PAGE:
The Spanish Prime Minister, Adolfo Suarez, held his first news conference on Tuesday (28 June) since the country's general election.
SV: Spanish Prime Minster, Senor Adolfo Suarez seated facing newsmen. (2 shots)
CU: Senor Suarez speaking in Spanish.
SC: Senor Suarez speaking to newsmen in Spanish.
The leader of one of the regions seeking self-government - Catalonia -- is in Spain. Senor Josep Tarradellas -- head of the Catalan government-in-exile arrived in Spain on Monday (27 June) and had so far had talks with the Prime Minister and King Juan Carlos. No details of the discussions were immediately available.
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Background: The Spanish Prime Minister, Adolfo Suarez, held his first news conference on Tuesday (28 June) since the country's general election. He said he would form a new government within a few days but refused to commit himself to holding fresh elections as soon as a new constitution was drawn up.
SYNOPSIS: Senor Suarez led the Centre Democratic Union Party, U.C.D. in Spain's general election earlier this month (15 June), the first free elections there for 41 years. Senor Suarez said the new government would be drawn exclusively from the UCD. More than 270 deputies and senators from the U.C.D. signed an agreement on Tuesday, setting up a parliamentary group and undertaking to form a single political party eventually. The Centre Democratic Union is a coalition of 15 parties. Senor Suarez said the government would take a centre-left political line, introducing deep economic and social changes without creating chaos in Spain. Measures would be taken before the summer holidays to bolster the sagging Spanish economy, he added, and the Government would put into practice the policies for which it was elected.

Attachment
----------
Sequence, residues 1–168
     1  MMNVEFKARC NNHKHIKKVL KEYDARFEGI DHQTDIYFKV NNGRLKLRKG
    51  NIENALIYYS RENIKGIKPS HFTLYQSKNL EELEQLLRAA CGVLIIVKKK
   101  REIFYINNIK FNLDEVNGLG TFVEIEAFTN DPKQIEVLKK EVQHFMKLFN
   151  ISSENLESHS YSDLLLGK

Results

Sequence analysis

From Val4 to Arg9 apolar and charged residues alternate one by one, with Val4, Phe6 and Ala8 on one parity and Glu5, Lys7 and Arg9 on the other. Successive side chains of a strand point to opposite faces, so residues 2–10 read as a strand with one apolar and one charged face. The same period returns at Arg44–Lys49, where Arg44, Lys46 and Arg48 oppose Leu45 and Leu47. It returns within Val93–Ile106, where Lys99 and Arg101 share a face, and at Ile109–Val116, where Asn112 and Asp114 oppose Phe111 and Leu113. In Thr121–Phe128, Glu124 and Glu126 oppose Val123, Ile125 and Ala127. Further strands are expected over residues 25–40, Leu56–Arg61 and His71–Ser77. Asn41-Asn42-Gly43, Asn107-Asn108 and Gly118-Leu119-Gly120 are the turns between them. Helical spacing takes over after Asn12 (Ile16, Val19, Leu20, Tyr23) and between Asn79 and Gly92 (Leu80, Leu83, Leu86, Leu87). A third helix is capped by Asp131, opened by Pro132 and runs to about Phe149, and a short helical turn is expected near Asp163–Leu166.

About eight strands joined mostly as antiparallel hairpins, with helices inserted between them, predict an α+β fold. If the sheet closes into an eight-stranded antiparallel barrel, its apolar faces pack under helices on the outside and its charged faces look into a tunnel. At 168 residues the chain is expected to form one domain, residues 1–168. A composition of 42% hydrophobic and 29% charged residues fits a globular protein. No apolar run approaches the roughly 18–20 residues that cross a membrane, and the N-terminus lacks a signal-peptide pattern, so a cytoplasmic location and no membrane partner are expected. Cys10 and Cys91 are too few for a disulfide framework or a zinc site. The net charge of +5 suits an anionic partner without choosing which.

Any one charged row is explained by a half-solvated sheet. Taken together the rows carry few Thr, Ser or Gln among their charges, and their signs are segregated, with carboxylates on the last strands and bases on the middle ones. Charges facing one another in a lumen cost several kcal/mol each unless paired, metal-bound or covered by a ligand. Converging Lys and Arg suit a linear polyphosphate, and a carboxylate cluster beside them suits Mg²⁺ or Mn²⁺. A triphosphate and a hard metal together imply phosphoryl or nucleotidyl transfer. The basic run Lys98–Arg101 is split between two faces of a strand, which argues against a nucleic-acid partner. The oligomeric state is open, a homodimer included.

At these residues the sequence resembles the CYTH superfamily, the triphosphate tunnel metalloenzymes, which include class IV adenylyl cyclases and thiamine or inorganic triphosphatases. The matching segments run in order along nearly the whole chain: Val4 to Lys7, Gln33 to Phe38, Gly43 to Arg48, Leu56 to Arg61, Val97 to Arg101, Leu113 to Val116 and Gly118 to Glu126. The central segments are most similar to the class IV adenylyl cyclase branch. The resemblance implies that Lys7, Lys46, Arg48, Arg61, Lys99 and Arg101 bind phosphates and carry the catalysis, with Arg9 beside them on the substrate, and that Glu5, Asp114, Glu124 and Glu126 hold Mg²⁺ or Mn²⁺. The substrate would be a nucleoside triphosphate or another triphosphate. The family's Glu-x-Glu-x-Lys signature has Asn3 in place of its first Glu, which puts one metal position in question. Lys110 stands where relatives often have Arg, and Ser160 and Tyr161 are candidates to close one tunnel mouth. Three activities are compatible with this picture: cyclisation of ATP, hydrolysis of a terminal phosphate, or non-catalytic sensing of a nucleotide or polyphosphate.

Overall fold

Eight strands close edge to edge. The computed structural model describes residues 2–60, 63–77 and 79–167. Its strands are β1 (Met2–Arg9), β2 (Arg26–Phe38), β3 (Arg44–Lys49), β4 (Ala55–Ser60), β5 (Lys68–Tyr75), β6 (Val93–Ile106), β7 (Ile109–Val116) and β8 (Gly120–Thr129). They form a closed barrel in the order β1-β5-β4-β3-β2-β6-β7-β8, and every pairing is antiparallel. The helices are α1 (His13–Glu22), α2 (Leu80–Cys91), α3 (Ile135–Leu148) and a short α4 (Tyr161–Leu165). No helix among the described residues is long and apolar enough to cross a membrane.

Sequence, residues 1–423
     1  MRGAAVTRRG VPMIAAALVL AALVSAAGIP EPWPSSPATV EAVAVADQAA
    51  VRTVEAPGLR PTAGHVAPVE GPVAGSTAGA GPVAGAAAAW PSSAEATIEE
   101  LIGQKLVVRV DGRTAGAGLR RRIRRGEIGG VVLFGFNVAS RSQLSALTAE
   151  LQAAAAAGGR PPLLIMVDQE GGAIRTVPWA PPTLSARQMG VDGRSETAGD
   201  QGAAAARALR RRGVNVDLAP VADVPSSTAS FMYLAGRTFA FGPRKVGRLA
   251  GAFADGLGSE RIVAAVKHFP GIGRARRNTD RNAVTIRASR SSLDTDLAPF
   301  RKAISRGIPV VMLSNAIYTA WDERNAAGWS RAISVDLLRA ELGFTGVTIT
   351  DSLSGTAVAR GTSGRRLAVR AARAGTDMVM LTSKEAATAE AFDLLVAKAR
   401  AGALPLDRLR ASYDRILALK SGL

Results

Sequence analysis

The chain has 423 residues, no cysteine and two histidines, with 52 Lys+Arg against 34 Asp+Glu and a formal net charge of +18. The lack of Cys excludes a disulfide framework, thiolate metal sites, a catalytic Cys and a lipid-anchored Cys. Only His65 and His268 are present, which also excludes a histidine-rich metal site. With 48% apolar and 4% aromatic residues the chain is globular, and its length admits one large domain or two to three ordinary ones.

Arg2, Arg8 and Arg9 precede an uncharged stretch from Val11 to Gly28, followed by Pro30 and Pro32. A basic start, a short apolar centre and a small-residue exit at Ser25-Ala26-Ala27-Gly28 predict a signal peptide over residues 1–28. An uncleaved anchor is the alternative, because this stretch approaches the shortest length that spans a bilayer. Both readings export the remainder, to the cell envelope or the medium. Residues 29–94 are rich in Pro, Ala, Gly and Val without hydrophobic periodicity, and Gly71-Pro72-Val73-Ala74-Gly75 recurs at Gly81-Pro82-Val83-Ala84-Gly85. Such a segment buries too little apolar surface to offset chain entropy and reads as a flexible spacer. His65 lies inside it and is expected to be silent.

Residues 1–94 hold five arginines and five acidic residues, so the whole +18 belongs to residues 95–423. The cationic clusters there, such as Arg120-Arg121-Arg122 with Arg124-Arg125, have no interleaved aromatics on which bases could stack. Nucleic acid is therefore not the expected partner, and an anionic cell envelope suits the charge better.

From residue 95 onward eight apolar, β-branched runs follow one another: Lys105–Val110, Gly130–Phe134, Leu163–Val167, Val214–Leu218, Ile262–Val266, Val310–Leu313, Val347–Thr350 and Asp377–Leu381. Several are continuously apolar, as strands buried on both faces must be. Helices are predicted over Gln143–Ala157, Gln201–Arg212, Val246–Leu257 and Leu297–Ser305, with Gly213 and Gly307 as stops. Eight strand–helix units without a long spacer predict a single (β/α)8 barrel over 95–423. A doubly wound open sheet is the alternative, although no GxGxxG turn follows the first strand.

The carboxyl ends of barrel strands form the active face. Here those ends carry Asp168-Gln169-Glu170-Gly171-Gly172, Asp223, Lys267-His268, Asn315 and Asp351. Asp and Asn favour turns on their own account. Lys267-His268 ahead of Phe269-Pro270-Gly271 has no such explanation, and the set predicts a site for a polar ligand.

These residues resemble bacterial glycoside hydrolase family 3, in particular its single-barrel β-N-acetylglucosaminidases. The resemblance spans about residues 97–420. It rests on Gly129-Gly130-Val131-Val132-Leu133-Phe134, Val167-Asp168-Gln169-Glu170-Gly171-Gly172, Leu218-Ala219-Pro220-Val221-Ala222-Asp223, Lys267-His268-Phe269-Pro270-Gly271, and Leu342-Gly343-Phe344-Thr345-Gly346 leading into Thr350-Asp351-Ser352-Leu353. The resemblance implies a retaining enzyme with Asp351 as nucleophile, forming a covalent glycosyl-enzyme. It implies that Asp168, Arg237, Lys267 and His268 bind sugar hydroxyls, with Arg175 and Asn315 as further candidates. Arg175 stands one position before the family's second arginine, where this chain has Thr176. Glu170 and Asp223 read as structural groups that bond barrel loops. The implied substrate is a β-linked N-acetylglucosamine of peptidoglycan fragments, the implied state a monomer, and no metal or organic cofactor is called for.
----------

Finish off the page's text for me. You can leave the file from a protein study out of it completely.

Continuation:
The Prime Minister went on to speak of his talks with the Socialist Party leader, Felipe Gonzalez. The socialists won the second largest number of seats in the election after the coalition U.C.D.
Senor Suarez said he expected the socialists to be a tough opposition in parliament. It is Senor Gonzalez who has led the calls for fresh elections to be held when a new Spanish constitution has been drawn up. This move has been rejected by the Prime Minister so far, but he has agreed the need for municipal elections soon. But one of the strongest problems the new government problems the new government will have to face is the question of regional autonomy after many years of a highly centralised Spanish state.